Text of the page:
The Life of Light – from Candlemas to Biophotonics

Revd Dr Donald MacEwan, 4 February 2018

Readings: Habakkuk 3:1-4; Luke 2:22-40

This is the Candlemas Semester – in St Andrews.  In Oxford and Trinity College, Dublin, it’s the Hilary Term.  In Cambridge it’s the Lent Term.  In Durham it’s the Epiphany Term.  And in Aberdeen, where I was an undergraduate, it’s the rather more prosaic Second Half-Session.  Why Candlemas in St Andrews?  Well, Candlemas is one of the four quarter-days in Scotland, four divisions of the legal year, and so the ancient Scottish Universities traditionally called their three terms after three of these quarter-days: Martinmas, Candlemas and Whitsun.  We dispensed with the last in 1997 when moving to two semesters.

Candlemas is a Christian festival celebrated on 2 February.  It remembers the story we heard earlier from Luke’s Gospel.  The passage mentions no candles but the tradition developed of people bringing candles to church on this day, 40 days after Christmas, to have them blessed for the year ahead.  There may be an echo of pre-Christian rites, when the beginning of February was called Imbolc, marking the mid-point between the winter solstice and spring equinox, a time marked by the lighting of fires.

The story Luke tells mixes up two Jewish rituals – for the purification of a mother following childbirth, and a ritual payment following the birth of a first-born son.  This continues – a mature Jewish student I know told me he had to pay a certain sum of money along with saying prayers when his eldest son was born.  In the story, there may be no candles, but light and sight are at the heart of it.  The prophet Simeon would not see death before he had seen the Lord’s Messiah.  The prophet Anna spoke about the child to all who were looking for the redemption of Israel.  Simeon, with the infant Jesus in his arms, says that he has seen God’s salvation, that this child is a light for revelation to the Gentiles and for glory to your people Israel.  Jesus will enable all people to see the truth, and find their way to God.

Light in this beautiful story is a metaphor, an image for God, for truth, for guidance, for salvation.  But it may be interesting, in this University where people think about light not only as a metaphor but as a phenomenon of nature, to review some of the key scientific discoveries humankind has made about light.

In about 300 BC Euclid postulated that light travelled in straight lines, describing the laws of reflection.

In 55 BC Lucretius wrote that The light and heat of the sun; these are composed of minute atoms which, when they are shoved off, lose no time in shooting right across the interspace of air in the direction imparted by the shove.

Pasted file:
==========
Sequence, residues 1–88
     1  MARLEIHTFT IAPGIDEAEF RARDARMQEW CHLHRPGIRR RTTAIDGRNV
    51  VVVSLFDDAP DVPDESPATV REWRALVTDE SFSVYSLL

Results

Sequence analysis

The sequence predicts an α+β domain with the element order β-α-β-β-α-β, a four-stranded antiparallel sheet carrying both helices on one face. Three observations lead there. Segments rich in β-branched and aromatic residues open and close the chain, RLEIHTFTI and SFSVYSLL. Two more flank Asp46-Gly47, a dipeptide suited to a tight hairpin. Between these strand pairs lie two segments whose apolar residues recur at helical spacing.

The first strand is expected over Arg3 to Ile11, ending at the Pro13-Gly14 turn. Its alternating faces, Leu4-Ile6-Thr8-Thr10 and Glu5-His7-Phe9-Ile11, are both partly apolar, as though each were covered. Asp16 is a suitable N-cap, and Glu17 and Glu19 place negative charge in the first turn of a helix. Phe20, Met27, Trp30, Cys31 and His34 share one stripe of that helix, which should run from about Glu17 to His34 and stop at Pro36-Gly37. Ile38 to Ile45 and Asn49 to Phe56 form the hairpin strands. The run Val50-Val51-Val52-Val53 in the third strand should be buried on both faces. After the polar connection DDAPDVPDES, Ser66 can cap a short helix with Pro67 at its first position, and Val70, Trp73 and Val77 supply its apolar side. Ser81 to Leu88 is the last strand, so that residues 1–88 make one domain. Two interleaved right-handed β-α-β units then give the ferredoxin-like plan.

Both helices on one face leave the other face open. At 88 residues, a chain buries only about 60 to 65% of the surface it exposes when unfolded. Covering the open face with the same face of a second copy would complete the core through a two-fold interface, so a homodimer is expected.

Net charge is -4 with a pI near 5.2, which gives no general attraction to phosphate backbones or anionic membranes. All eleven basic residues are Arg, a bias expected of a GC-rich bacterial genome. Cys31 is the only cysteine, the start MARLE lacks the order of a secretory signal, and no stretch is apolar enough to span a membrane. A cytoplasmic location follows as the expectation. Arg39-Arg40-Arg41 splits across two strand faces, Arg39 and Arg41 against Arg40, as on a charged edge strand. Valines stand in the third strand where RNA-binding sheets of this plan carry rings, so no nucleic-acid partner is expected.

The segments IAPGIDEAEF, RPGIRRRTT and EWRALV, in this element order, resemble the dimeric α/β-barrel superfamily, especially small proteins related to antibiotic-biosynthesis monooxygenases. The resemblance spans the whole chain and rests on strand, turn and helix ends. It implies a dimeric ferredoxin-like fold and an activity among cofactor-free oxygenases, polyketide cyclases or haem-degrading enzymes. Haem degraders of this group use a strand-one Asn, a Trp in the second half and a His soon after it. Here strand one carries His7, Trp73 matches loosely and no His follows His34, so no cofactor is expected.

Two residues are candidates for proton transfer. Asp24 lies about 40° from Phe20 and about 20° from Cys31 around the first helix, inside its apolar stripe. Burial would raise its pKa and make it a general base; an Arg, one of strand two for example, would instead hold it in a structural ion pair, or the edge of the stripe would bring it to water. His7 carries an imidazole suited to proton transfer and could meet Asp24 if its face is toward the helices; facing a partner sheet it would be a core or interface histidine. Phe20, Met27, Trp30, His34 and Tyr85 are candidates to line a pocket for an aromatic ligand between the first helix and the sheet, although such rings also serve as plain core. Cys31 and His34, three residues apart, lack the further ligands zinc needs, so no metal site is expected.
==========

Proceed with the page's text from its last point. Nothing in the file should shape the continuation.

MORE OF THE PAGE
In the 17th Century René Descartes held that light was a mechanical property of the luminous body, assuming that light behaved like a wave.

Isaac Newton stated in 1675 that light was composed of corpuscles (particles of matter) which were emitted in all directions from a source.

Wave theory about light then became prominent in the 18th Century.

In the 19th Century, building on Faraday, James Clerk Maxwell concluded that light was a form of electromagnetic radiation.

The work of Max Planck and Albert Einstein in the early 20th Century moved our understanding of light in a quantum direction until our current perception of light as both particle and wave – as something that can be described sometimes with mathematics appropriate to one type of macroscopic metaphor (particles), and sometimes another macroscopic metaphor (water waves), but is actually something that cannot be fully imagined.  We seem to have come back to metaphor.

The speed of light was gradually measured more accurately through the 18th Century and beyond, until today’s understanding definitively achieved in 1975 –299,792,458 metres per second in a vacuum.  Nothing can travel faster than light, despite this lovely limerick:

There was a young lady named Bright,
Whose speed was far faster than light;
She set out one day
In a relative way
And returned on the previous night.

Studying light surely deepens our appreciation, our wonder at this crucial phenomenon of creation, helping us in our encounter with light in scripture.  The story in Luke is part of a rich engagement with light throughout the Bible.

For one thing, light comes from God:

Then God said, ‘Let there be light’; and there was light. [Gen 1:3]  For me there is no contradiction in the scientific understanding of light and my faith that without God, there would be no light.  And furthermore, when Genesis says that God saw that the light was good, I cannot help but agree.  Light is not only good, but underpins all visual beauty from last week’s moon to evening sunshine across the dunes; from the stained glass in this chapel to a child’s first painting; from a ladybird to laser shows.